Sports

FOOTBALL | Wolves’ legend returns to ‘give back to youths’

Renard Williams, a 2007 South Kitsap graduate, joined the Wolves’ coaching staff this year after helping Eastern Washington University to a Football Championship Subdivision title in 2010. - Dannie Oliveaux/Staff Photo
Renard Williams, a 2007 South Kitsap graduate, joined the Wolves’ coaching staff this year after helping Eastern Washington University to a Football Championship Subdivision title in 2010.
— image credit: Dannie Oliveaux/Staff Photo

They lined up across from one another, sandwiched by an oversized blue medicine ball that was slapped back and forth in frantic motion.

The drill symbolized the message new Wolves’ offensive and defensive line coach Renard Williams, a 2007 South Kitsap graduate, wants to convey to his pupils.

“I’m just trying to get the guys to understand that their hands are going to be their keys to success,” Williams said. “Especially the defensive linemen. Your hands are going to tell you everything you need to know. You’re going to hear that from me all of the time.”

It marked Williams’ first time back at the lower lot practice field at South since he last suited up for the program. Since he was selected as a first-team Class 4A all-state defensive lineman as a senior by the Associated Press, Williams helped Eastern Washington University to a Football Bowl Subdivision championship in 2010 and then had NFL tryouts with Tampa Bay and Seattle.

While Williams acknowledges that success gives him cache among his understudies, being an athlete is not always glamorous. He realized that during the recruiting process when he received interest from several Pac-10 programs.

Williams said his grade-point average and SAT score were not issues, but none of those universities could admit him because he lacked some core classes.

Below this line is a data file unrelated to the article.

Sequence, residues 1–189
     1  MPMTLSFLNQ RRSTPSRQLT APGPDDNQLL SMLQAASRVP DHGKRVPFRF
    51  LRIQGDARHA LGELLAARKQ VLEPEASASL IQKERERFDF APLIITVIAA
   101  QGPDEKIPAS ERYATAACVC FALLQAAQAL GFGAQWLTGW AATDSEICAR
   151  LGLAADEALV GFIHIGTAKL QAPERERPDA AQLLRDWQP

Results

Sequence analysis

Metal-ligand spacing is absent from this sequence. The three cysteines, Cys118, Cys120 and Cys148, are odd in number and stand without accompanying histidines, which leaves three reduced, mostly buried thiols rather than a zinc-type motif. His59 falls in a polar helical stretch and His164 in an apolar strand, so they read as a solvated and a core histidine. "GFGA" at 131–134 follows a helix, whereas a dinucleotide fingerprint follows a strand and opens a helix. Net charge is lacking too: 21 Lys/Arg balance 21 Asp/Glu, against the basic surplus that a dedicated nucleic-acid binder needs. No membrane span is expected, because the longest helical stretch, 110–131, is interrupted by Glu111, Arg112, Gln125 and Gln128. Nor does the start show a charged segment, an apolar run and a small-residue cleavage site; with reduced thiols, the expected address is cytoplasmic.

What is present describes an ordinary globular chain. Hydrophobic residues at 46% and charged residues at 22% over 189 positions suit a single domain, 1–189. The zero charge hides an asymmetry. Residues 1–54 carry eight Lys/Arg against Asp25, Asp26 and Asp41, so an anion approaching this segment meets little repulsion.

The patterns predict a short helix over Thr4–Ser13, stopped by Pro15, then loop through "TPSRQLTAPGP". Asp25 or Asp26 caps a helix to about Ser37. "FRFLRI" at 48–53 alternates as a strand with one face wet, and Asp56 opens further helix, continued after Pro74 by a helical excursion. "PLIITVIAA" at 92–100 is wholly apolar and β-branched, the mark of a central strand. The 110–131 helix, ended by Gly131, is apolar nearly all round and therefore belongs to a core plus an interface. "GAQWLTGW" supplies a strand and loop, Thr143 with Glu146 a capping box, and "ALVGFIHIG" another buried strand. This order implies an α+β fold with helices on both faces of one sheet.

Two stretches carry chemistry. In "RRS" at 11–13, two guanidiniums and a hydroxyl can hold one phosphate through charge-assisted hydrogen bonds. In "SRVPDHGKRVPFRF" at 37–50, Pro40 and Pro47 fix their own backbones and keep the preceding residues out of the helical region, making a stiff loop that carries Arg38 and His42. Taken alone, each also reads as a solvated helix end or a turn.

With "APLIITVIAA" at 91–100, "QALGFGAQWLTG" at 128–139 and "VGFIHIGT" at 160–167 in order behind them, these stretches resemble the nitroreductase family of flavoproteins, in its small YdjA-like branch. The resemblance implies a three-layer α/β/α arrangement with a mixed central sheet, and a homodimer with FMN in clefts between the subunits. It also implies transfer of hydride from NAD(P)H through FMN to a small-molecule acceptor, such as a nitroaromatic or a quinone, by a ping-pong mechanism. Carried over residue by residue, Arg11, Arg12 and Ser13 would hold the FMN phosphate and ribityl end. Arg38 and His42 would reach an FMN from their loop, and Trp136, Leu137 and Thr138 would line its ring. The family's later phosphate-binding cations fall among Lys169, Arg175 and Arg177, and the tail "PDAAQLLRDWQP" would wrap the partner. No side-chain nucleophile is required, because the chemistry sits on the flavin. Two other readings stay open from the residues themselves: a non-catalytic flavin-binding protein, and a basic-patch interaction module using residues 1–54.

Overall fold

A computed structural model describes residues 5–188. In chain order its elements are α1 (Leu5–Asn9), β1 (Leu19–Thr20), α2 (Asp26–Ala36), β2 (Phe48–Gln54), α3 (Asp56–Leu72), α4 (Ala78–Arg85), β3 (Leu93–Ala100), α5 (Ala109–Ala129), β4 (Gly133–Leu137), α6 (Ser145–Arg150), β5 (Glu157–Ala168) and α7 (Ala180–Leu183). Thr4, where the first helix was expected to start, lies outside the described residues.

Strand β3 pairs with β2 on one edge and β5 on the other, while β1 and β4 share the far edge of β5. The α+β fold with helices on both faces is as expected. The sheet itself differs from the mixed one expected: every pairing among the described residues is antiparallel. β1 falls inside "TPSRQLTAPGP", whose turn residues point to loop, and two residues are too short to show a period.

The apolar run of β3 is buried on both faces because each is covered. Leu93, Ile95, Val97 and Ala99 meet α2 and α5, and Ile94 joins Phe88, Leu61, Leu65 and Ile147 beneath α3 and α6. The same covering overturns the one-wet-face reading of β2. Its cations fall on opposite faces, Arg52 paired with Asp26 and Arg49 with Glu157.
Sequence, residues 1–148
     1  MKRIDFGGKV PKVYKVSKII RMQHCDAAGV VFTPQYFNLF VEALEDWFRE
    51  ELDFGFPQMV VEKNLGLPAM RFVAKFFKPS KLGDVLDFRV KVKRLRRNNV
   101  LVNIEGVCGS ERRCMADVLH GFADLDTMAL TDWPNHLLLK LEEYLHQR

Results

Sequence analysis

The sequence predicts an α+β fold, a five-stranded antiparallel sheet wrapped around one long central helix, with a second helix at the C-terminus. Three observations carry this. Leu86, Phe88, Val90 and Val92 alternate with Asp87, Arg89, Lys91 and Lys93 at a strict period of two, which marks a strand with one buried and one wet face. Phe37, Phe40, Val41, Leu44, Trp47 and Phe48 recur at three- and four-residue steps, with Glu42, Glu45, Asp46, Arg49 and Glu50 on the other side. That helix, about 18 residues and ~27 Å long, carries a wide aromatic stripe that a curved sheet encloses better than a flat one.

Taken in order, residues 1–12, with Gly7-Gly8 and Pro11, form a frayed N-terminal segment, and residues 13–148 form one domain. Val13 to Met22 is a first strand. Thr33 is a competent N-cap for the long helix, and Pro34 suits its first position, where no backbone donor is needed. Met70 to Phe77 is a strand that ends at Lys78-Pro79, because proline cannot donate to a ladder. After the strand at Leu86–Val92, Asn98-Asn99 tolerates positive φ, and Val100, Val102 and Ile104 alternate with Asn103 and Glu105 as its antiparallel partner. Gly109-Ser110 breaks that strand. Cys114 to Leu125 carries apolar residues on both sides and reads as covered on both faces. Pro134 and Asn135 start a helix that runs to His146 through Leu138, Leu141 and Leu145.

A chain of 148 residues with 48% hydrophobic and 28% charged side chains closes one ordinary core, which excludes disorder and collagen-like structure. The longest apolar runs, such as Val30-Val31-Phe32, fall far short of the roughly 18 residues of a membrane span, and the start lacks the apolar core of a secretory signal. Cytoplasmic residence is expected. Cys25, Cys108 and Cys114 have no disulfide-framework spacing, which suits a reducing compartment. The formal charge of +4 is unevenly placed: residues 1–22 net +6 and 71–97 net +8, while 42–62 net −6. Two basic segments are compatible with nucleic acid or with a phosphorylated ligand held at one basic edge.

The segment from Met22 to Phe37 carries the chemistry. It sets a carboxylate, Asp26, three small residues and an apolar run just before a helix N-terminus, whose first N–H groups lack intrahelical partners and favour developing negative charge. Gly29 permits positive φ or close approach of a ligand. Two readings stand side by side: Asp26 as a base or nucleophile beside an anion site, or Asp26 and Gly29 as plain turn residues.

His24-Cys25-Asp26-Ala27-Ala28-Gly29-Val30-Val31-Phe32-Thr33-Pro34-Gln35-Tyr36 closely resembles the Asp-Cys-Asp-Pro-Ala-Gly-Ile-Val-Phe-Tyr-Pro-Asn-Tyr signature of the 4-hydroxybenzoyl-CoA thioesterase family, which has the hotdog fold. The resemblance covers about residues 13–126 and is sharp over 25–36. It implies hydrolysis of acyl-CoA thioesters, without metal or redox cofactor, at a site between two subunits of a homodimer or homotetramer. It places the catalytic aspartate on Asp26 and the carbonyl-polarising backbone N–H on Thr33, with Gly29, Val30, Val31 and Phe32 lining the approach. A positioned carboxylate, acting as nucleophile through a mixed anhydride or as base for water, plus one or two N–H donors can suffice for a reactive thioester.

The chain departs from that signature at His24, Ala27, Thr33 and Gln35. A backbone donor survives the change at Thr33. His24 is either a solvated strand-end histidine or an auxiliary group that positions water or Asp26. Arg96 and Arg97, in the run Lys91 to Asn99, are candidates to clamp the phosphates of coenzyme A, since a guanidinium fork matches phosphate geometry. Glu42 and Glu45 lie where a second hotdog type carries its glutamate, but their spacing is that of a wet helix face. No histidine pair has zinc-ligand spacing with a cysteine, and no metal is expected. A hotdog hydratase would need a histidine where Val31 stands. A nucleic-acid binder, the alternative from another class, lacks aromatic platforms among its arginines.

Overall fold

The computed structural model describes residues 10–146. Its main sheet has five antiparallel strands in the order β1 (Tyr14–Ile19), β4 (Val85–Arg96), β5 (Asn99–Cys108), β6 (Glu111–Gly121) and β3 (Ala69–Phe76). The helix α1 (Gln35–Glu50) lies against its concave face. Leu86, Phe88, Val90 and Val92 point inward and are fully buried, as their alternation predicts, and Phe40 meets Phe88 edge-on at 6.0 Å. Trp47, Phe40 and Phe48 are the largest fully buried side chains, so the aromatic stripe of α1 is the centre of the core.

Because he was not compliant with Proposition 48, a rule passed by the NCAA in 1983 that mandates athletes achieve certain benchmarks for GPA, SAT and credits earned in core classes, Williams was forced to redshirt in 2007 at Eastern.

“I just had to go to school and work out by myself,” Williams said. “I couldn’t really be with the team and that was tough. But I knew if I accomplished those goals, I had a full ride waiting on me and a team that I knew I could come in and help out. Those were some motivating things for me.”

Two years later, Williams appeared poised to become a future NFL draft pick when he registered 9 1/2 sacks. But those numbers dropped off during his last two seasons, which he said was a byproduct of constantly being double- and triple-teamed, and Williams went undrafted in 2012. After being released by both Tampa Bay and Seattle, Williams experienced that same result with the Canadian Football League’s Calgary Stampeders. Then, in 2013, he was cut by the Arena Football League’s Utah Blaze.

“Once I went down to the Arena League, that’s when I figured out that maybe I’m ready to no longer pursue ball,” Williams said. “It wasn’t because I didn’t think I had the ability. It was just the business aspect of it. I really didn’t appreciate that.”

Williams, 25, is reticent to discuss details. But he said he wants his pupils to realize that if he can overcome adversity of the gridiron, they can as well.

“I feel like they can look at me ... and feel like life will be all right,” he said.